Police Chief Sam Dotson Rants Against Courts Mishandling St. Louis Gun Crimes
Years of watching career criminals slip through the cracks finally got to Sam Dotson. The chief of the St. Louis Metropolitan Police took to his blog to rant about how River City handles violent crimes.
Chief Sam Dotson
"Today, I feel it's my duty not to remain calm and composed," Dotson writes. "Today, I feel anger and have every right to shove professionalism aside."
In a post titled "The Sad Truth That I Wish Was Fiction: Another Chief's Rant," Dotson shares a story about a career criminal arrested and imprisoned for violent gun crimes three times in six years. The man only served three years in jail -- a slap on the wrist -- and problems with witnesses meant prosecutors couldn't charge him with a 2012 drive-by shooting, Dotson writes.
Unsurprisingly, Dotson says, the man was arrested again recently, this time on suspicion of unlawfully possessing and using a weapon. The judge released him on bail.
"That means all it took to get him out and put him back on the street was $500!" Dotson writes.
Only when the man disrespected the court system by failing to appear for his hearing did the judge step up and assign him a $40,000 cash-only bond.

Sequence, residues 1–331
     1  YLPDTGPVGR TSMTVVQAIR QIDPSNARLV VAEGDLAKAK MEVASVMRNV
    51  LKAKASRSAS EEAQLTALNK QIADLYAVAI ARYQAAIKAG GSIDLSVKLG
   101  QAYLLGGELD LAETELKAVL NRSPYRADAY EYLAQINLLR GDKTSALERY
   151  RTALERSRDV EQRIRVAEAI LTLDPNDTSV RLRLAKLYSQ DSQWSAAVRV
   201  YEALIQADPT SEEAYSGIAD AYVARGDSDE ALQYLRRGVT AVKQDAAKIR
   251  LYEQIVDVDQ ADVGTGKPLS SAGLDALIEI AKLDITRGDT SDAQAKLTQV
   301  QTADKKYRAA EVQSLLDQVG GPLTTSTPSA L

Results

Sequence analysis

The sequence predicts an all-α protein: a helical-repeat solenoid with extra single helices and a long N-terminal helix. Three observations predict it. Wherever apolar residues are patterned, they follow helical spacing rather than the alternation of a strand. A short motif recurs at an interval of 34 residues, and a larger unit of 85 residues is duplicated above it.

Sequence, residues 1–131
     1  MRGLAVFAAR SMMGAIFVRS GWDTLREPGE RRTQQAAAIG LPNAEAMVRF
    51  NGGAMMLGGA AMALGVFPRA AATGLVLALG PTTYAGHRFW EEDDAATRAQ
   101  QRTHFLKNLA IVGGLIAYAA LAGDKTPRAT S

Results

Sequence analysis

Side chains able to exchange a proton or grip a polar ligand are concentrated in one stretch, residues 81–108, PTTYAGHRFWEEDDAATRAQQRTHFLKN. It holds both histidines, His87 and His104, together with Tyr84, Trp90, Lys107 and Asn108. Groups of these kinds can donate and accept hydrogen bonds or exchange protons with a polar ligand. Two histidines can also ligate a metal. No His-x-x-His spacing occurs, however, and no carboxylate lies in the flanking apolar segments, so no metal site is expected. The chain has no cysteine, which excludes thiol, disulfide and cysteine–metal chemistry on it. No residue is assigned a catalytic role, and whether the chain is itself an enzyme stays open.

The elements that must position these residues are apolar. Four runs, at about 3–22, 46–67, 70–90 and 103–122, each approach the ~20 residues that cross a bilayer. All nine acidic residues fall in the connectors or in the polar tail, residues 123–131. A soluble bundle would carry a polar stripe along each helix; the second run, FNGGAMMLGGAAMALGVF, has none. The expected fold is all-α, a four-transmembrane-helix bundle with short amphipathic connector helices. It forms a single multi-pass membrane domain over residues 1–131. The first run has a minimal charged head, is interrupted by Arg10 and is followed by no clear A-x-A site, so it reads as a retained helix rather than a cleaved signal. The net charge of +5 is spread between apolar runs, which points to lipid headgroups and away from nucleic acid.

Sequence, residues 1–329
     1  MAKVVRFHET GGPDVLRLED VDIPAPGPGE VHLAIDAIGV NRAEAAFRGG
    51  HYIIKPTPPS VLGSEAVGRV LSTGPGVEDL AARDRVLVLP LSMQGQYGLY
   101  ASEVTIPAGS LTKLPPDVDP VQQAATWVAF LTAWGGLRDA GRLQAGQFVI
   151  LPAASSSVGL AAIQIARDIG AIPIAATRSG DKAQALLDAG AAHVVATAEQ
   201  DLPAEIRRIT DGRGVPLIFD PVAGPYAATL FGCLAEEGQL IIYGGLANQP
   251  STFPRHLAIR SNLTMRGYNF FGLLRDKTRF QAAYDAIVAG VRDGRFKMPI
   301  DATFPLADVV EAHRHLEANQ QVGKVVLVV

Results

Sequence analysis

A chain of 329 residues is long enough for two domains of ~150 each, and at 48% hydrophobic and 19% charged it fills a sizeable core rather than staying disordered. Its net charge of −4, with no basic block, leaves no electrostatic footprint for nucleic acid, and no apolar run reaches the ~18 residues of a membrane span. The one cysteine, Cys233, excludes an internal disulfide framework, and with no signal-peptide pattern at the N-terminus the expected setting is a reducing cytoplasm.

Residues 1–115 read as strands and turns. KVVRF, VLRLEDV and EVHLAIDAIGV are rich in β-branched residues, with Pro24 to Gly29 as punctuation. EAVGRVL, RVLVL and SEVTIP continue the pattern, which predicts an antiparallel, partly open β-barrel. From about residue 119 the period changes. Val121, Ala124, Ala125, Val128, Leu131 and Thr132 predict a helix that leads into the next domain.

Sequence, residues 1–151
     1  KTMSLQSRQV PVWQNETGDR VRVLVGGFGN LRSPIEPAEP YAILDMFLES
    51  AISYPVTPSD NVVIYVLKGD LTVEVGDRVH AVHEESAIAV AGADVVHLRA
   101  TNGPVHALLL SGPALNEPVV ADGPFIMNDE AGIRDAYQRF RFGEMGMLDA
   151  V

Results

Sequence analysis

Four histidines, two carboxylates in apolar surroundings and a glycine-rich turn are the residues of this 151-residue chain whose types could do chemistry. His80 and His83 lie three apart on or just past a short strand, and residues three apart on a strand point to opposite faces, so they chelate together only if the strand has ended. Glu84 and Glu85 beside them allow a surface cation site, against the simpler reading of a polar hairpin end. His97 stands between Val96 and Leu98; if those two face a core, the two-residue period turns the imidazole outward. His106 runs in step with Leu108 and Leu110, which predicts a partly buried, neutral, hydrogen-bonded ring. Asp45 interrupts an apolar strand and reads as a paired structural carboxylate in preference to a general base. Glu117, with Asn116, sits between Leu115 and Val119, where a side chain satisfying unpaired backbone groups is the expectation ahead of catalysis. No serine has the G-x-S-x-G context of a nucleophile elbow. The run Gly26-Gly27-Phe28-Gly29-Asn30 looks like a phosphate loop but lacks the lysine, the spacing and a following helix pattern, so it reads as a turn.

"Don't even get me started on the terrible message it sends. Actually, do get me started," Dotson writes. "The message sent appears to be: if you repeatedly commit violent crimes, the courts might just let you out for $500 cash bond. But if you do something serious, like make a judge angry by not showing up in court, THEN they might FINALLY get touch and set your bail at $40,000." (Emphasis original.)
Dotson called this approach to gun crime "upside-down."
"Who were his accomplices in the commission of this crime?" Dotson says. "Only the usual suspects: complacency and bureaucracy in the courts, lack of accountability in sentencing and setting bail, lack of effective tools like a 'gun docket' dedicated to dealing with this kind of violent crime."
The story is hardly novel or surprising, Dotson says, but it should be.
"I don't understand how anyone can hear a story like this without wanting to reform the way we handle gun crimes," he says.